Gluten-free buckwheat & linseed bread recipe

 

 

I personally get on well with gluten, a natural protein found in wheat and other grains. I am, however, painfully aware that not everyone is as lucky. Gluten-free bread recipes don’t have a particularly good reputation; but I found a great recipe that uses a variety of gluten-free flours and tastes delicious!

Gluten-free buckwheat & linseed bread
Gluten-free buckwheat & linseed bread

The role of gluten in breads

When preparing wheat dough, a stretchy web is formed. This elastic gluten network expands with the gases formed in the fermentation process, holds moisture and prevents bread from crumbling.

In gluten-free bread baking, ingredients such as linseed and psyllium husks help to hold the bread’s shape. Golden linseed, when toasted and added to the liquid ingredients of bread dough, releases a sticky gluten-like gum which softens the crumb. Psyllium seed husks, a source of fibre, bind moisture and make gluten-free breads less crumbly.

Psyllium seed husks
Psyllium seed husks

How gluten-free bread is different

The absence of gluten has a number of implications on the bread and baking process:

  1. Kneading is not required as gluten (the stretchy network) can’t be developed.
  2. The dough needs to be quite wet as gluten-free flours soak up much more water than wheat.
  3. Although gluten-free bread doesn’t keep too well and gets stale quickly, freezing parts of your freshly-baked loaf solves this problem.

Gluten-free flours

There is a good variety of alternative flours which can be used in gluten-free baking. Gluten-free flours can be made of corn, tapioca, buckwheat, rice, chickpeas, beans, soya, millet, potatoes, teff, chestnuts, almonds and peas.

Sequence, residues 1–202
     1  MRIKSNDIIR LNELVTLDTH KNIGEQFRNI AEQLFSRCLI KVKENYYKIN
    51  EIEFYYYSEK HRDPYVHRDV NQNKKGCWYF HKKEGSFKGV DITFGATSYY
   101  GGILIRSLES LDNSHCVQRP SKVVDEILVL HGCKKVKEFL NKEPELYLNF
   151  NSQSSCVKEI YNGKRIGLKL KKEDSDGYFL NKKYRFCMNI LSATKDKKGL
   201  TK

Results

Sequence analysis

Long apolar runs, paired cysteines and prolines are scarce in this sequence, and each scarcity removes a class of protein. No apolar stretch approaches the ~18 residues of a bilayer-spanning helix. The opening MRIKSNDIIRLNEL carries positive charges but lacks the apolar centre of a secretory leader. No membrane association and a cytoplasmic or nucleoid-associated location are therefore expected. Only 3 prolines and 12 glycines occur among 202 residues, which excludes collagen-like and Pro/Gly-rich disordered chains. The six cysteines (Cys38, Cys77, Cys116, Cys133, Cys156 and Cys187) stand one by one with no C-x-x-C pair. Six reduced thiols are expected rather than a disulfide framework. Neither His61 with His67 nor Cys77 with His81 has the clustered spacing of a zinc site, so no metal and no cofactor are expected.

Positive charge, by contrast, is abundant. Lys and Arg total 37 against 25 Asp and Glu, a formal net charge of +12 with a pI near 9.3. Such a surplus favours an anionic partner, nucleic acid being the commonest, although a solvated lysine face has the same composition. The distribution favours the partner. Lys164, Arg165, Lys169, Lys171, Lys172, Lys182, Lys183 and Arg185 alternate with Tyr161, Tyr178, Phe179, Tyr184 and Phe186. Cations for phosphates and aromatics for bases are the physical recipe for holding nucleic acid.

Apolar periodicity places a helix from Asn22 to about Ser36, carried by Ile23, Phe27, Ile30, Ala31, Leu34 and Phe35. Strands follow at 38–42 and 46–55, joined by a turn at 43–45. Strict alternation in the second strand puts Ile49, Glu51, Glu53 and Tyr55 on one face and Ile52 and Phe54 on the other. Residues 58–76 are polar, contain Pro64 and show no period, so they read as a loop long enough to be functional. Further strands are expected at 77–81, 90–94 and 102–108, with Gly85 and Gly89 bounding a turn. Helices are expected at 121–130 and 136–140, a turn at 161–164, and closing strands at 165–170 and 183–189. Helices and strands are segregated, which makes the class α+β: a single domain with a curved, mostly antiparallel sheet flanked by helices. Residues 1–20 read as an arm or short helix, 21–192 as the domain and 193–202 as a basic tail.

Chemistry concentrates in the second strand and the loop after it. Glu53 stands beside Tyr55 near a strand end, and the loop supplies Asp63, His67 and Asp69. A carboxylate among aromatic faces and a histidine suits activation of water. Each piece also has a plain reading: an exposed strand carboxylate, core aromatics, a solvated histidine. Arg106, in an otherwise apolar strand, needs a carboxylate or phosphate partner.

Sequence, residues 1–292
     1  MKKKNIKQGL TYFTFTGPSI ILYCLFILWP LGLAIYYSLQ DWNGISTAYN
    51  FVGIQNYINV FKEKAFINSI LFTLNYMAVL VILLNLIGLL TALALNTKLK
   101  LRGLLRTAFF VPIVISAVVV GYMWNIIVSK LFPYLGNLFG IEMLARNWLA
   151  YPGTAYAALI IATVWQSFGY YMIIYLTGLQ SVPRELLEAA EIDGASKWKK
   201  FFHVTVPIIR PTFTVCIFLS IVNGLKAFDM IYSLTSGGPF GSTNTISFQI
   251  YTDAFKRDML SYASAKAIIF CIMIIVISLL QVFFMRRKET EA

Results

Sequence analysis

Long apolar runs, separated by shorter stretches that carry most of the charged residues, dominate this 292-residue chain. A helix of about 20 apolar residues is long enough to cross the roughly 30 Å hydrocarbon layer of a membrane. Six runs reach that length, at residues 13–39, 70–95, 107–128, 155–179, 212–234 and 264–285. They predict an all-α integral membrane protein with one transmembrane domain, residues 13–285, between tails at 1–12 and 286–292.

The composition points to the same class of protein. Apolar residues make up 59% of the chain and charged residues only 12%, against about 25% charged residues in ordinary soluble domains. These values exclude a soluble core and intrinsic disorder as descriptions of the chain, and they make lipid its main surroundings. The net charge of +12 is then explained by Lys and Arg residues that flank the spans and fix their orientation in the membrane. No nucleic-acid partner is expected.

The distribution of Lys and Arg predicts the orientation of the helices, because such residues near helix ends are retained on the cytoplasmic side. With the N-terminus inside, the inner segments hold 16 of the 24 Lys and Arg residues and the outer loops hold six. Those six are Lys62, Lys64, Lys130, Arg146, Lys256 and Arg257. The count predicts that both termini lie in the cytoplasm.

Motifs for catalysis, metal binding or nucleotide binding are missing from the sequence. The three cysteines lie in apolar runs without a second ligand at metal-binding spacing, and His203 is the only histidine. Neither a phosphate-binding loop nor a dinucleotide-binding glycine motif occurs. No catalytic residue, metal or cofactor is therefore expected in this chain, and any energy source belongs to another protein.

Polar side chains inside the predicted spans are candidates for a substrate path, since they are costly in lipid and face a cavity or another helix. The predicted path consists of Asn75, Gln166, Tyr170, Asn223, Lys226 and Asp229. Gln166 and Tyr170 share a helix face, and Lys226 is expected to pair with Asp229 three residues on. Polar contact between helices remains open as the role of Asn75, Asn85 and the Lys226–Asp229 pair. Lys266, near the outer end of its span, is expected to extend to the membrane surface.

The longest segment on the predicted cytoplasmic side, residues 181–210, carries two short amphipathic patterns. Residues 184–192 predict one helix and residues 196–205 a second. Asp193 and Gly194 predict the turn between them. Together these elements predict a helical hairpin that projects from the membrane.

Health food stores and more and more supermarkets stock gluten-free flours. Real Foods stocks a great range of flours and ships worldwide.

Gluten-free sourdough

Gluten-free bread baking does not mean sourdough-free baking. Teff flour sourdough for example is usually used to prepare the Ethiopian bread injera.

On this note, there are some very interesting findings in terms of making wheat sourdough bread safe for people with coeliac disease. More on this with some encouraging results on Celiac.com.

The gluten-free buckwheat & linseed bread recipe (by Dan Lepard)

I used a Dan Lepard recipe for this gluten-free buckwheat and linseed bread, substituting half of the cornflour with buckwheat flour. Cornflour is a useful base flour with good binding properties, however its nutritional value is limited. Buckwheat adds flavour and nutritional quality into the mix.

Gluten-free bread dough, no kneading required
Gluten-free bread dough, no kneading required

The verdict

I don’t have to opt for gluten-free breads, but I think this buckwheat, cornflour and linseed loaf tastes great and takes very little effort. It’s spongy and doesn’t break up or crumble although it’s a little cake-like in consistency. As I used half corn and half buckwheat flour, the bread has a strong buckwheat taste. This isn’t a bad thing at all if you like the distinct buckwheat flavour, like me.